Ofloxacin monotherapy for the primary treatment of microbial keratitis: a double-masked, randomized, controlled trial with conventional dual therapy. The Ofloxacin Study Group

Ophthalmology. 1997 Nov;104(11):1902-9.


Background: Ofloxacin is a potent broad-spectrum fluoroquinolone antibiotic commercially available as a topical ophthalmic preparation. The authors compared ofloxacin (0.3%) as a single therapy with their conventional dual therapy of specially prepared, fortified gentamicin (1.5%) and cefuroxime (5.0%) drops for the treatment of suspected microbial keratitis.

Methods: The authors enrolled 122 patients with a clinical diagnosis of microbial keratitis in a prospective, randomized, controlled, double-masked study to compare the two therapies. The ofloxacin drops were decanted into identical-looking bottles to the conventional treatment and dispensed with a second bottle containing saline only. The initial and subsequent assessments noted any risk factors, the size and location of the ulcer, and any evidence of corneal and conjunctival toxicity. All ulcers were scraped for microbiologic culture, and isolated organisms were tested for sensitivity to the trial antibiotics. For statistical analysis, a "cure" was defined as complete healing of the ulcer (no epithelial defect). A ratio of the two outcome proportions and its confidence limits was used to compare the two treatment groups. Multiple regression analysis using Poisson models was used to adjust for confounding factors that may have modified the outcome ratios.

Results: There was no difference in the treatment success between the two treatments, with 67.9% of the conventional treatment group and 62.1% of the ofloxacin group being cured within 14 days (ratio, 1.09; [95% confidence interval, 0.83-1.43]; P = 0.59). However, there was significantly more toxicity encountered with the conventional treatment group (50.8% vs. 10.2%; ratio, 5.00 [95% confidence interval, 2.25-11.11]; P < 0.0001). Poisson regression with adjustment for confounders did not materially change the ratio proportions for either treatment success or toxicity. There was at least a 90% chance to detect a 30% difference between the groups.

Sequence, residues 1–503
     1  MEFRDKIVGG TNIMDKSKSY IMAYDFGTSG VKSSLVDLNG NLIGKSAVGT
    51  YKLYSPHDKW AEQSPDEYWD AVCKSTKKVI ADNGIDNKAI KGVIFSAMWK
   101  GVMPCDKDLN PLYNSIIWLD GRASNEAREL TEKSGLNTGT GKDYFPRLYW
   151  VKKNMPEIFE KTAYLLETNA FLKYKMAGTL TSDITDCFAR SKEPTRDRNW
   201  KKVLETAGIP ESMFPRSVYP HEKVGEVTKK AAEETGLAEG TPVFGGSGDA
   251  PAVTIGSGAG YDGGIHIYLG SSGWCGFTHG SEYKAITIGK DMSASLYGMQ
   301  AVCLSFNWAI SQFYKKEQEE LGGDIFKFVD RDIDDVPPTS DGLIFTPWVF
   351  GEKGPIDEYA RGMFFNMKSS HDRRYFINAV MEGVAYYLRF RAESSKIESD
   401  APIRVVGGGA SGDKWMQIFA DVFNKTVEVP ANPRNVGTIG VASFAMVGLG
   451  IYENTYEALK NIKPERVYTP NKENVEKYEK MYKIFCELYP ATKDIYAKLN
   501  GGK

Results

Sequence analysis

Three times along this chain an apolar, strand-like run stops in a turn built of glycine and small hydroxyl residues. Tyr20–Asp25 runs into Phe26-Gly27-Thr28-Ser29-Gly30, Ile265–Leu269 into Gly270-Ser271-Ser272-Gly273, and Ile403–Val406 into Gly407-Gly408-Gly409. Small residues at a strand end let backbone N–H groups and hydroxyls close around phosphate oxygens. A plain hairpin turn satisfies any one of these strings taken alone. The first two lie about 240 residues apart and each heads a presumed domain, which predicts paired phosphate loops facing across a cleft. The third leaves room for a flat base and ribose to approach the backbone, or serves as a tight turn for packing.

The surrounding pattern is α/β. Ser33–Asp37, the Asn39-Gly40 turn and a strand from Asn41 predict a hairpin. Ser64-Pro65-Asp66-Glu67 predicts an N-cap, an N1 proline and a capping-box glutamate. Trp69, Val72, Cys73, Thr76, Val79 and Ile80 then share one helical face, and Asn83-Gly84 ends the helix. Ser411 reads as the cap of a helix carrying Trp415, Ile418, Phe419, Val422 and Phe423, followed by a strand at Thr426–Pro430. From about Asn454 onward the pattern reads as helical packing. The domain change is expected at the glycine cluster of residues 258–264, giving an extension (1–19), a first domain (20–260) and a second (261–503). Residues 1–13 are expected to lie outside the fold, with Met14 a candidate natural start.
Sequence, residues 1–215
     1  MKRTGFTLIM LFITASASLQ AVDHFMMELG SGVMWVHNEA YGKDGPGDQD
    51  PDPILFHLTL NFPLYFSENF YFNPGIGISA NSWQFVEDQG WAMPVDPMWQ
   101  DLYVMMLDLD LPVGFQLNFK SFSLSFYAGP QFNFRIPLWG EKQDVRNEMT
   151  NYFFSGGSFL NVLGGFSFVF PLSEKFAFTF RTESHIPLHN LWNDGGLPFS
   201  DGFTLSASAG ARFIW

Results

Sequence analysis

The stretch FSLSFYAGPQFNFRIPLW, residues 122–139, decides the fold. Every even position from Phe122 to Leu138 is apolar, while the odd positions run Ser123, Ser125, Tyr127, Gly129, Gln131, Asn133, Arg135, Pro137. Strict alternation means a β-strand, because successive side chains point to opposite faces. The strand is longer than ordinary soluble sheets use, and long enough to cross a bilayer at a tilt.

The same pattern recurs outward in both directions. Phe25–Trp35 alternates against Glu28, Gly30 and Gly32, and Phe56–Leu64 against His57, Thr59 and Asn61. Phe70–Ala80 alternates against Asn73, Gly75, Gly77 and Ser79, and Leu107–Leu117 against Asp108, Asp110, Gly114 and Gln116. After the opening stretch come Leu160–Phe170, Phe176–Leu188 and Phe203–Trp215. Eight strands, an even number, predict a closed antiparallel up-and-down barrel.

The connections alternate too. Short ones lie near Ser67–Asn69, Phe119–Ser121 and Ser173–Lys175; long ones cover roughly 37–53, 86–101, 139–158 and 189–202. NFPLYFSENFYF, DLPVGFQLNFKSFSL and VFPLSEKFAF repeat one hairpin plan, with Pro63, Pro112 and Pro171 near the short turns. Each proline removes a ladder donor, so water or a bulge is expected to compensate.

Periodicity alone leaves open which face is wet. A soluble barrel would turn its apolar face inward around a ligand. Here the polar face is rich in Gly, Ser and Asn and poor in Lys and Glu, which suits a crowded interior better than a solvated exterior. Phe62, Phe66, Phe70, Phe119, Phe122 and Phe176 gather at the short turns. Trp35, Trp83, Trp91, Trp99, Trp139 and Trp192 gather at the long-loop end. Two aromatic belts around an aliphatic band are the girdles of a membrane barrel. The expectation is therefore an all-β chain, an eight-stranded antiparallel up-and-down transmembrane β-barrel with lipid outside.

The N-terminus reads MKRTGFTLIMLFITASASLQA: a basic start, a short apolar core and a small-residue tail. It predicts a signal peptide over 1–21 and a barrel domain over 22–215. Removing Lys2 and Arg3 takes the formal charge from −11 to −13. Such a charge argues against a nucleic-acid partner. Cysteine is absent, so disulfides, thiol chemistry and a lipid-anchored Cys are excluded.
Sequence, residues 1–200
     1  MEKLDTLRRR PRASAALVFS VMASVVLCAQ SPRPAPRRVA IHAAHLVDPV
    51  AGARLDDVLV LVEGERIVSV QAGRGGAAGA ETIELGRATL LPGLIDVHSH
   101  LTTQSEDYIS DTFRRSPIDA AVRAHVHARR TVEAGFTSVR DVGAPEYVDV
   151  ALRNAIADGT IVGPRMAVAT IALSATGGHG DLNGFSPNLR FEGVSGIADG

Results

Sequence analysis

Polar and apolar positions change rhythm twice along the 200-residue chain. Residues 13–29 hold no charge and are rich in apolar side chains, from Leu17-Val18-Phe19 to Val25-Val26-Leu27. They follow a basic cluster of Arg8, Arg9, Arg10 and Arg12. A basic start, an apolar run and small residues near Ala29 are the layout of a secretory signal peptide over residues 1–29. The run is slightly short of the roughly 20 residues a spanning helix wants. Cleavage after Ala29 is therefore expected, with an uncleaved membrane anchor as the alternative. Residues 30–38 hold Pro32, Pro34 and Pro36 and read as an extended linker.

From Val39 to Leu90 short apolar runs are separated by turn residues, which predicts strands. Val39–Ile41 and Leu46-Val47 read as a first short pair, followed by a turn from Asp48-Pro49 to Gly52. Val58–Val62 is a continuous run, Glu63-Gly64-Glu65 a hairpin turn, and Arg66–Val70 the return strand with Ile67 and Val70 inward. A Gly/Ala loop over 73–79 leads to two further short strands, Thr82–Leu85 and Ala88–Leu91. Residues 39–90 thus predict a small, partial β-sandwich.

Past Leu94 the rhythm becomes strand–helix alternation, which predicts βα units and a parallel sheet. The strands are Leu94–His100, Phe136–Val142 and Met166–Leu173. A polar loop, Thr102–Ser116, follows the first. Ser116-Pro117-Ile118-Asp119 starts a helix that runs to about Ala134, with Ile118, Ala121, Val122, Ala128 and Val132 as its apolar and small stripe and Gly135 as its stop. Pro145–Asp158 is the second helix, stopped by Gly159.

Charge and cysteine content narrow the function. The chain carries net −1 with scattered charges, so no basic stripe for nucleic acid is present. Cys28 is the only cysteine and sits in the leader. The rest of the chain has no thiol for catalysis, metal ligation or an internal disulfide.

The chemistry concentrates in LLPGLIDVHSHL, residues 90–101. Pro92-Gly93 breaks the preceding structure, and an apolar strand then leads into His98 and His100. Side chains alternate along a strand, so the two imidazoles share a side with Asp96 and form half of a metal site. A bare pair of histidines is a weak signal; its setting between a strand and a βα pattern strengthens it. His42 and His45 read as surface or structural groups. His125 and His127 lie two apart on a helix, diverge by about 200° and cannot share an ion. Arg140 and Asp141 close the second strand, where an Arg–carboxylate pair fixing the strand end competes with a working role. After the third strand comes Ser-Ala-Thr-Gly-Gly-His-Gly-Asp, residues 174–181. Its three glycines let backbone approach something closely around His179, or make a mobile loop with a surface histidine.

Conclusions: The authors found that the treatment outcomes with ofloxacin monotherapy compared favorably with their conventional therapy and were associated with less toxicity.

Publication types

  • Clinical Trial
  • Comparative Study
  • Randomized Controlled Trial
  • Research Support, Non-U.S. Gov't

MeSH terms

  • Anti-Bacterial Agents / administration & dosage
  • Anti-Bacterial Agents / adverse effects
  • Anti-Bacterial Agents / therapeutic use
  • Anti-Infective Agents / administration & dosage
  • Anti-Infective Agents / adverse effects
  • Anti-Infective Agents / therapeutic use*
  • Bacteria / isolation & purification
  • Cefuroxime / administration & dosage
  • Cefuroxime / adverse effects
  • Cefuroxime / therapeutic use
  • Cephalosporins / administration & dosage
  • Cephalosporins / adverse effects
  • Cephalosporins / therapeutic use
  • Cornea / drug effects*
  • Cornea / microbiology
  • Corneal Ulcer / drug therapy*
  • Corneal Ulcer / microbiology
  • Double-Blind Method
  • Drug Therapy, Combination
  • Eye Infections, Bacterial / drug therapy*
  • Eye Infections, Bacterial / etiology
  • Eye Infections, Fungal / drug therapy*
  • Eye Infections, Fungal / etiology
  • Female
  • Follow-Up Studies
  • Fungi / isolation & purification
  • Gentamicins / administration & dosage
  • Gentamicins / adverse effects
  • Gentamicins / therapeutic use
  • Humans
  • Male
  • Microbial Sensitivity Tests
  • Middle Aged
  • Ofloxacin / administration & dosage
  • Ofloxacin / therapeutic use*
  • Ophthalmic Solutions
  • Prospective Studies
  • Treatment Outcome


  • Anti-Bacterial Agents
  • Anti-Infective Agents
  • Cephalosporins
  • Gentamicins
  • Ophthalmic Solutions
  • Ofloxacin
  • Cefuroxime